This isn't pretty, but it's direct. We proceed by the usual method of finding the critical points of a function followed by the critical points on the boundary. The maximum occurs at once of these points.

To find the critical points of the objective function, differentiate:

$$ df(x) = (1/2) (dx)^T A x + (1/2) x^T A dx + b^T dx = (dx)^T (Ax + b) $$

so the critical points are solutions to $Ax = -b$.

Using Lagrange multipliers to find the critical points on the boundary of your constrant $x^T x = 1$ says they occur at solutions $(x, \mu)$ to the system of equations

$$ (A + 2 \mu I) x = -b \qquad \qquad \qquad x^T x = 1$$

Most solutions can be obtained by solving the equation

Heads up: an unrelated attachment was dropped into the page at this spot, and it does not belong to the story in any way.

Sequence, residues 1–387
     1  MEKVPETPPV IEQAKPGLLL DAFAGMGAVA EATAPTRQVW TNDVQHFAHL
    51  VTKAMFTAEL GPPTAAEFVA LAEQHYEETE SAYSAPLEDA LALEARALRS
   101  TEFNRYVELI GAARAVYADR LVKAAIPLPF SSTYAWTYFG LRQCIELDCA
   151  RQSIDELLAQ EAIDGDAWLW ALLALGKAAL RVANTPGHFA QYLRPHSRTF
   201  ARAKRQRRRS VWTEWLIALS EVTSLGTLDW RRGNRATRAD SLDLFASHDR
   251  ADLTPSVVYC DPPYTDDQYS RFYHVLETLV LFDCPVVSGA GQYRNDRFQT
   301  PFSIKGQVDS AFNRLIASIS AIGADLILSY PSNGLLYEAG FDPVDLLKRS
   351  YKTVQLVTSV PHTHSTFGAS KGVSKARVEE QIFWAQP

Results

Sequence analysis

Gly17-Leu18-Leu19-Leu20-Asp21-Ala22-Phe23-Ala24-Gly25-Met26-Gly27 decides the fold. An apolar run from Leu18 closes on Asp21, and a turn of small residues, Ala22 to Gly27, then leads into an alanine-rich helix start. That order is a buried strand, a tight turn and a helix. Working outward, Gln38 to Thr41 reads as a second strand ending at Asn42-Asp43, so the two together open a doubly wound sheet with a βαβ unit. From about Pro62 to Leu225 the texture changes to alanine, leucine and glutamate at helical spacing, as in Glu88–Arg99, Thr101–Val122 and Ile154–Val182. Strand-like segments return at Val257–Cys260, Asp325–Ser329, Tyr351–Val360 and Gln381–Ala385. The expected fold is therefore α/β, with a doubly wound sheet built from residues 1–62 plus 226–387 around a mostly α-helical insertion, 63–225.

$$ || (A + 2 \mu I)^{-1} b ||_2^2 = 1 $$

for $\mu$. However, we must consider separately the points $\mu$ for which $-2\mu$ is an eigenvalue of $A$.

For each of these $\mu$, obtain the general solution to

$$ (A + 2 \mu I) x = -b $$

and and search the solution space for unit vectors. Typically there won't be any solutions at all! But if there are, you have to search the solution space for unit vectors. This is just solving a polynomial equation in $n$ variables, where $n$ is the multiplicty of the eigenvalue $-2 \mu$.

I get essentially the same thing from the eigen-decomposition. Write everything in terms of an orthonormal basis of eigenvectors. Then, you are trying to maximize

$$ (1/2) \sum_i x_i^2 \lambda_i + x_i b_i$$

subject to the constraint

$$ \sum_i x_i^2 = 1 $$

The criticial points of the objective function are the solutions to

$$ x_i \lambda_i + b_i = 0$$

and Lagrange multipliers gives us a system of equations

$$ \sum_i x_i^2 = 1 \qquad \qquad
x_i( \lambda_i + 2 \mu) + b_i = 0 $$

and the solution method to this is effectively the same as the matrix version.